Integrating Green Facade Systems with Art

The Tensile team has been involved in designing and installing green facade systems and artistic installations for many clients over the years.

Our green facades comprise a trellis structure made from stainless steel wire rope that supports climbing and twining plants or planter boxes along a wall face – usually multi-storey. Artistic facades use stainless steel wire structures to support elements arranged to create an art display, a mosaic effect or to depict a story or narrative.

It’s also possible to combine the two to create bespoke green facade systems with artistic features that really stand out.

Here are some examples.

Green facades

  • One Central Park Sydney – a 34-storey facade across three wall faces of a mixed-use high-rise building in Chippendale.
  • Westfield Warringah Mall – an indoor green wall/facade hybrid system supported by Jakob stainless steel cables and Webnet mesh.

Artistic facades

  • Sydney University Women’s College – a curved copper facade supporting over 1,200 panels arranged to depict the ancient Greek figure of Sibyl.
  • Liverpool Hospital Sydney – in this carpark facade, Webnet mesh supports 1,800 colourful panels arranged in the form of local Aboriginal artwork. At the same time the facade acts as a fall-protection safety barrier.

Integrating Green Facade Systems with Art / Tensile Design & Construct

An artistic green facade system

An example of a combination facade is the Advanx East apartment carpark in Rushcutters Bay.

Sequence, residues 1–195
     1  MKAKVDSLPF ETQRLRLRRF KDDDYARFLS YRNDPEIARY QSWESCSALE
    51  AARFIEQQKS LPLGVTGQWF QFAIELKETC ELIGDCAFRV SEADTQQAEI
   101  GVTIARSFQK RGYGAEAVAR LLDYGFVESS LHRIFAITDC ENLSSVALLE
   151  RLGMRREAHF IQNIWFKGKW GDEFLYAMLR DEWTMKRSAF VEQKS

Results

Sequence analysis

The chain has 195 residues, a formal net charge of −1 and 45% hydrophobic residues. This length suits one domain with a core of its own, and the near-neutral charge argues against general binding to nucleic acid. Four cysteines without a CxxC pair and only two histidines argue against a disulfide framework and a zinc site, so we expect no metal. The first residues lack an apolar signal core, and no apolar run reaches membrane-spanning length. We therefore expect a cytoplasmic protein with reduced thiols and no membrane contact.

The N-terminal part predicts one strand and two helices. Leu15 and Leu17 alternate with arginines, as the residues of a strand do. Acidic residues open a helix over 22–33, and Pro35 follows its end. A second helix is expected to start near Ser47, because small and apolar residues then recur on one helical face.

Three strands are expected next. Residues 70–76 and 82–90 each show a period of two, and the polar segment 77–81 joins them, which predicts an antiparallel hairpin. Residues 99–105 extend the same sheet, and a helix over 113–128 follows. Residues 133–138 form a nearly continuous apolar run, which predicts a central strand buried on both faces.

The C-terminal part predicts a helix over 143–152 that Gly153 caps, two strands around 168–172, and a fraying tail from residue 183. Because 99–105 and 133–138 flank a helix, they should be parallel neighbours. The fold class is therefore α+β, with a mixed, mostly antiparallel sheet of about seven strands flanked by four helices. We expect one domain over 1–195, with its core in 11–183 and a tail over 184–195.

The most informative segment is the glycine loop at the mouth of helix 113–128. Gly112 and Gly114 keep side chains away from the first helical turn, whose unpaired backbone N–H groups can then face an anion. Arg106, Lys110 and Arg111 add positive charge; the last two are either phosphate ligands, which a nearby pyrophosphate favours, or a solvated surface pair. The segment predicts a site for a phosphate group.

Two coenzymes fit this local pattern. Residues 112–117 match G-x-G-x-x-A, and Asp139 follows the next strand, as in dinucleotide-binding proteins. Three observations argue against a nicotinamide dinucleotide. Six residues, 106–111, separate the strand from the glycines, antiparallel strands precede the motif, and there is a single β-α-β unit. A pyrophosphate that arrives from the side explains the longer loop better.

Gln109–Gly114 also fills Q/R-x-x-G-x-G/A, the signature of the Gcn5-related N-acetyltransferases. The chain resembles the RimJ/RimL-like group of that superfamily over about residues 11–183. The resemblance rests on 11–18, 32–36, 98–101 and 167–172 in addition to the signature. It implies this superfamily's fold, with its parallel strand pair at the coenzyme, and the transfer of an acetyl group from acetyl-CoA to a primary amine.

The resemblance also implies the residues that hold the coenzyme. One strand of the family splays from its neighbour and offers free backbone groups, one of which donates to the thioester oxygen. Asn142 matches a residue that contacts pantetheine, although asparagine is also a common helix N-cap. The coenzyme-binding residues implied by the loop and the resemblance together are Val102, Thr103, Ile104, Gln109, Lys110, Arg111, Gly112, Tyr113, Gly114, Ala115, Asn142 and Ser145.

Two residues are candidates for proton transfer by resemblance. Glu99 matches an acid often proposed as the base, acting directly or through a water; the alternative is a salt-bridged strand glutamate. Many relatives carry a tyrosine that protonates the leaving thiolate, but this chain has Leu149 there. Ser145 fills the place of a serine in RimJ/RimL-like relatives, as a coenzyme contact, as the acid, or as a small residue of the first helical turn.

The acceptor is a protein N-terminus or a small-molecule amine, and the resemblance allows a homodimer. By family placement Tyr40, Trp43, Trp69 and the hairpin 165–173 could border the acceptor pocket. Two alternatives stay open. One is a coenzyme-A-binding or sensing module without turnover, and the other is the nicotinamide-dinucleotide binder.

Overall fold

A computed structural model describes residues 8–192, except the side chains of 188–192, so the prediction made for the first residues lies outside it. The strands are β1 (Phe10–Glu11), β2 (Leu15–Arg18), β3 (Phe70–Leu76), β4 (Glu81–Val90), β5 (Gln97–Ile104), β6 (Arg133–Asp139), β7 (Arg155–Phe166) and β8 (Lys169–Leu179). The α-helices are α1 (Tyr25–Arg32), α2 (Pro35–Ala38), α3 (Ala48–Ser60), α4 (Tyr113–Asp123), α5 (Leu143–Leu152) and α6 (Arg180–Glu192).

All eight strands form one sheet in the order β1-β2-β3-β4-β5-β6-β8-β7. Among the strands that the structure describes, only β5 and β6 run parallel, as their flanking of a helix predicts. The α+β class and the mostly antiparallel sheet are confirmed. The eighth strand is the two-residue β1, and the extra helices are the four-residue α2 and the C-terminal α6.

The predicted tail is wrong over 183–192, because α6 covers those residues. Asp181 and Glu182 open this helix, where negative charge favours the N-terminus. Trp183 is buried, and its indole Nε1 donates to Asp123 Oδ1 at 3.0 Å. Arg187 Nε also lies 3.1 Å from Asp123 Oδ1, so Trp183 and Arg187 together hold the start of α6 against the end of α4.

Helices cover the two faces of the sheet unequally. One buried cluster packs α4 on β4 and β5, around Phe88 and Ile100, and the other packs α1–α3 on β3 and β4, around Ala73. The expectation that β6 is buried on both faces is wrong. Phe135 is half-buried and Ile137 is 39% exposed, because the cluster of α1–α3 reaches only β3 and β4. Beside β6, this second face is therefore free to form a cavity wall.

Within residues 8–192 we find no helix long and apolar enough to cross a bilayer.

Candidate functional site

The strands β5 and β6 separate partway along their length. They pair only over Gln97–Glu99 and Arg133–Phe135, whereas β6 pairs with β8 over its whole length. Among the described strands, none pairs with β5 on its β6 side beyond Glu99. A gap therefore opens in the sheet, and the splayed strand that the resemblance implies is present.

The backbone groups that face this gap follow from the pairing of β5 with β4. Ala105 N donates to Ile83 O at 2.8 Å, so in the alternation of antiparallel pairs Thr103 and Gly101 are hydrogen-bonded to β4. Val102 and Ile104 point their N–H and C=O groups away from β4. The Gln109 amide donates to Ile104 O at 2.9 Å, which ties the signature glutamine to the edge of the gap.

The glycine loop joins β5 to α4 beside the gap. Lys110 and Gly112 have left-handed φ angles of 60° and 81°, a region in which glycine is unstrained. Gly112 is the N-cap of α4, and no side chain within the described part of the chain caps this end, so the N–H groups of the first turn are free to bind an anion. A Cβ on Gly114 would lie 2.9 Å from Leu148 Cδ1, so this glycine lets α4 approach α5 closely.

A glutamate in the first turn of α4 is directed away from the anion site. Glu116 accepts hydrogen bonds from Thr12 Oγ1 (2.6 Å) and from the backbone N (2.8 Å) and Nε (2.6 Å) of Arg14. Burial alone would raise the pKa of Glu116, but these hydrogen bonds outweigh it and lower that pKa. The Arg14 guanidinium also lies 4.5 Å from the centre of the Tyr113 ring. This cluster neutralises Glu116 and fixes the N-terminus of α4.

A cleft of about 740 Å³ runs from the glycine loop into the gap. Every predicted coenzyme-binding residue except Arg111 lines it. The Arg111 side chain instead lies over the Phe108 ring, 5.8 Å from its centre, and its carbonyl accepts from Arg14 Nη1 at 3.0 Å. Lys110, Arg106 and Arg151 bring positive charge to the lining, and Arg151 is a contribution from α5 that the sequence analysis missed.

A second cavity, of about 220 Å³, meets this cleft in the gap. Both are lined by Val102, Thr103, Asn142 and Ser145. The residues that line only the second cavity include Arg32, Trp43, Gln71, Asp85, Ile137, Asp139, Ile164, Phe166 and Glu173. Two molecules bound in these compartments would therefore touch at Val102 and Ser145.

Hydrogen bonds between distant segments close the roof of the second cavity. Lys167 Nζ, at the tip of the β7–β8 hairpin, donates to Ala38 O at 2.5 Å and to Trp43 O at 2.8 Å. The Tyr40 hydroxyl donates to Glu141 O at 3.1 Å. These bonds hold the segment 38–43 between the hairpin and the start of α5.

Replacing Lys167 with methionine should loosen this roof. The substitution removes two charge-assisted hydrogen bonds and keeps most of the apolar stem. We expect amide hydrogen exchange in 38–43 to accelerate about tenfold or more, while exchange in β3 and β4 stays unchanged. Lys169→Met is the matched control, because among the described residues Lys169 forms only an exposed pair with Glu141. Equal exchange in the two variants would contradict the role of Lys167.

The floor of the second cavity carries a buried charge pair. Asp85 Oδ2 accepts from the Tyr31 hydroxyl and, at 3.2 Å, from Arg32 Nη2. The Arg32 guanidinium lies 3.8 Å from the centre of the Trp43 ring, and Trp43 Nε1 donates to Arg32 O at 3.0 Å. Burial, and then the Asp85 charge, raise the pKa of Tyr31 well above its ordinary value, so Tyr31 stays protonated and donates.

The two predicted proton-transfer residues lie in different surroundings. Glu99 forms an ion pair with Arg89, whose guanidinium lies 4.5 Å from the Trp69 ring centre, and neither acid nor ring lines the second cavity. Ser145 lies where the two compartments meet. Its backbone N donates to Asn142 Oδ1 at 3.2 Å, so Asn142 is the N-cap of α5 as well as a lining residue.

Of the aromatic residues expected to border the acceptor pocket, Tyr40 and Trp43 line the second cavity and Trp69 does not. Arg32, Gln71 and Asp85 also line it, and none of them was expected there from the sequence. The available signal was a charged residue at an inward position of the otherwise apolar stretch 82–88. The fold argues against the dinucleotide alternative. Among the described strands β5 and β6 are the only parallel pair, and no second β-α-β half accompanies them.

The initial plan was to build an out-of-sight underground carpark for the residential apartment complex. But a high-water table and the immense cost of digging led to a decision to build it above ground instead.

Given the greater visibility, it was important the carpark looked good while reining in cost. Not a small feat considering how uninspiring most carparks are!

The solution was to install a facade to beautify the three-level structure, one that combines climbing plants and artwork, forming a kind of ‘living art’ display.

The support structure for the facade is made from Jakob Webnet stainless steel mesh. The Webnet supports both the greenery and a series of metal shapes that form an Aboriginal-inspired artwork.

The original facade design (before Tensile got involved) consisted of installing infill between steel posts spaced 1.8m apart. But by using Webnet, we were able to extend the distance between the posts to 8m.

Here are some of the benefits:

  • Cost savings – the design change led to a saving of more than 60 tonnes of steel. As Webnet is very quick to install, labour costs for installation were also lower.
  • Cooling – the plants reduce solar radiation by about 90% providing a pleasing cooling and shading effect throughout the interior.
  • Accessibility – the plants can be reached from inside the carpark. This allows for easier maintenance and watering than if they were only accessible from outside, which would require expensive lift equipment.
  • Transparency – while Webnet is very robust, it is also highly translucent and light in appearance, which allows the greenery and the artwork to shine through.

Finally, the facade is just simply quite stunning to look at – something you wouldn’t normally expect of a carpark structure!

Are you feeling inspired to integrate a green facade with art? Call us today to find out how we can help you bring your idea to life!

Integrating Green Facade Systems with Art / Tensile Design & Construct

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